STEVE INSKEEP, host:
Here's what happened in just one of several deadly incidents in Iraq over the weekend. Insurgents put on U.S. military uniforms. They drove to a government compound on the city of Karbala, and they were waved through a checkpoint on their way to a gun battle that left five Americans dead.
This morning, we're tracking the moves of a group blamed for much of Iraq's violence. It's the political party and militia led by Moqtada al-Sadr. He's a Shiite Muslim leader. And his movement has decided to end its boycott of Iraq's parliament. Analysts who track Sadr include Joost Hiltermann of the International Crisis Group, who's monitoring events from Jordan. Mr. Hiltermann, welcome to the program.
Dr. JOOST HILTERMANN (Middle East Project Director, International Crisis Group): Thank you.
INSKEEP: Review a little bit of history for us. Why did Sadr's group boycott parliament in the first place?
Dr. HILTERMANN: Well, they were angered by Prime Minister Nouri al-Maliki's decision to meet with President Bush in Jordan before Christmas.
INSKEEP: And is it a hopeful sign at all that they've now decided to comeback to the formal political process?
Dr. HILTERMANN: Well, it's certainly a good thing, because I think that excluding - or having the Sadrs exclude himself from parliament can only further upset the political situation in Iraq. The Sadrists are a popular movement that has the widespread support among especially the poor Shiite under class in Baghdad and other cities. To exclude them would further destabilize the situation. They have a great potential of making trouble.
INSKEEP: Why'd they come back?
Dr. HILTERMANN: They never completely rejected the political process. They merely suspended their participation. And I think also that the impending U.S. military offensive in Baghdad may have convinced them that to at least have the political people back into the political process will give them some protection from retaliation. Whereas the Mahdi Army, Moqtada al-Sadr's militia, is probably going to melt away in Baghdad and maybe undertake actions against the American forces elsewhere in the country.
INSKEEP: Hmm. Well, let's talk about that. So you've got Moqtada al-Sadr's parliamentary followers who are above board politicians - or at least in public, politicians. And on the other side you have this militia. You're saying that they maybe doing completely different strategies - one seeming peaceful, the other being as violent as possible.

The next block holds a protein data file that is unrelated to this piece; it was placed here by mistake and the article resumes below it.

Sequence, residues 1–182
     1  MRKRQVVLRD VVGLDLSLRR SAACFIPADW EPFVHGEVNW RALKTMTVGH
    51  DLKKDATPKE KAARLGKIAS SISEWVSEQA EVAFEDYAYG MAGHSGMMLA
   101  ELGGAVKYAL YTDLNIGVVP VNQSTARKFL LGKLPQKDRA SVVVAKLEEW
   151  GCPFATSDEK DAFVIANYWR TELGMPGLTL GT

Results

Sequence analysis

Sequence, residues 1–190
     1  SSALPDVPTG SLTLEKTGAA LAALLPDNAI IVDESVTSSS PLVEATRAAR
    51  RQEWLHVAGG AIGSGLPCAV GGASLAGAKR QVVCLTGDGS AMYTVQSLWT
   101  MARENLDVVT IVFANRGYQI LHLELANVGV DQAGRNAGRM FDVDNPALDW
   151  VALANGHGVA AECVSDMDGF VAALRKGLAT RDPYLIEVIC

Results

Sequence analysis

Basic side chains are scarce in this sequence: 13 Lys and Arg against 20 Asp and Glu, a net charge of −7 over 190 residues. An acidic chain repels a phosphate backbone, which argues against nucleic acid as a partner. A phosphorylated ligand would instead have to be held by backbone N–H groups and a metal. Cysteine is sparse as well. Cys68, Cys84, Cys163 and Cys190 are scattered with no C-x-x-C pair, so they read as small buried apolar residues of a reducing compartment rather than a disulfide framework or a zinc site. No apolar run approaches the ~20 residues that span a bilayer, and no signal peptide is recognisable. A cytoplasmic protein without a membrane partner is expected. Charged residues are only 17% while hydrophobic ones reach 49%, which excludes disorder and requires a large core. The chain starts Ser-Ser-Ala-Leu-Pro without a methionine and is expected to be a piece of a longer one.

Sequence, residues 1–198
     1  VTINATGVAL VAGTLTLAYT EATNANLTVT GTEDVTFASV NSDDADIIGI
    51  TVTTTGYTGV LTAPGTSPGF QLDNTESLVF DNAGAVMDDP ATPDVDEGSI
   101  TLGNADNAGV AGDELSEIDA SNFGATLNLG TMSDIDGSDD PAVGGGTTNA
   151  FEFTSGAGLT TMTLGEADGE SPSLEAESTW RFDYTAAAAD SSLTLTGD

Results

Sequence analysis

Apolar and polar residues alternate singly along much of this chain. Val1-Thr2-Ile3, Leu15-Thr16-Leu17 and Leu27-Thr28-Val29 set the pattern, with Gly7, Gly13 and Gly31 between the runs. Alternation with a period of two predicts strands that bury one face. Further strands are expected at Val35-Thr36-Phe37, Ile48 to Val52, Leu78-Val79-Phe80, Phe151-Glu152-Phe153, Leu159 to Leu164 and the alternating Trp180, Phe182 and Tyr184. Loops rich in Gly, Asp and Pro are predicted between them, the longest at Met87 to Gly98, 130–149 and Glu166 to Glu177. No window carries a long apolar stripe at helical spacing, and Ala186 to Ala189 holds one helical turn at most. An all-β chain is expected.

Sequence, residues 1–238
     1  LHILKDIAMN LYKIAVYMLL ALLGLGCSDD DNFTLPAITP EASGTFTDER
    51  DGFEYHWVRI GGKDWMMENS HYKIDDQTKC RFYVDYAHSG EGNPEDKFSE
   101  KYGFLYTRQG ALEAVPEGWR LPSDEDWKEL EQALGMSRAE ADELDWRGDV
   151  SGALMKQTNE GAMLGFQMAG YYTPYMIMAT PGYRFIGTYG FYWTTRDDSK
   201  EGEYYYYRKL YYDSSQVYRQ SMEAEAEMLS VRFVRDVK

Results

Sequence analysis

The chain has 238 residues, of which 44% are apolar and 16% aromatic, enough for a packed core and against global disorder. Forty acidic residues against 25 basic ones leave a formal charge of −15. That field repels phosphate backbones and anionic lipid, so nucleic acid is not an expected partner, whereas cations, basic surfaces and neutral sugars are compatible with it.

Dr. HILTERMANN: That has been Sadr's policy from the beginning. Even in the first elections in January 2005, the Sadrists officially were not participating, but de facto, they were part of the Shiite alliance as independents. And in the second elections, there were Sadrists who were openly participating as Sadrists, and there were others who were opposing the political process. And yet they're all part of the same movement.
INSKEEP: Are they actually controlled by the same guy? Does Moqtada al-Sadr really tell both those groups what to do?
Dr. HILTERMANN: Well, that's a very good question, of course. And it does seem that the Sadrists have become more and more unmanageable as the situation in Iraq has deteriorated. But I do think that the political and military sides are still roughly under the command of Moqtada al-Sadr. He certainly has the ability of calling them out into the street. It's not clear that he has the ability to call them to go back into their homes. And it does seem that there are spin-offs from the Mahdi Army that are basically loose elements operating autonomously within Baghdad neighborhoods.
INSKEEP: Mr. Hilterman, I want to ask about one of the things you said. You forecast that as U.S. troops flood Baghdad as part of this so-called surge, that Sadr's militia may melt away but remain active. Have Sadr's militiamen already said we're going to go underground but continue fighting in response to the U.S. increase in troops?
Dr. HILTERMANN: No, there has been no public announcement of that sort. But we have seen some indication that, in fact, some of the militiamen may be melting away. Moqtada al-Sadr himself has said that no retaliation will be carried out until after the holy month of Muharram that has just started, especially the Ashura celebration of the Shiites.
INSKEEP: Hmm. Well, we'll be watching in the weeks ahead. Joost Hiltermann of the International Crisis Group. Thanks very much.
Dr. HILTERMANN: My pleasure.
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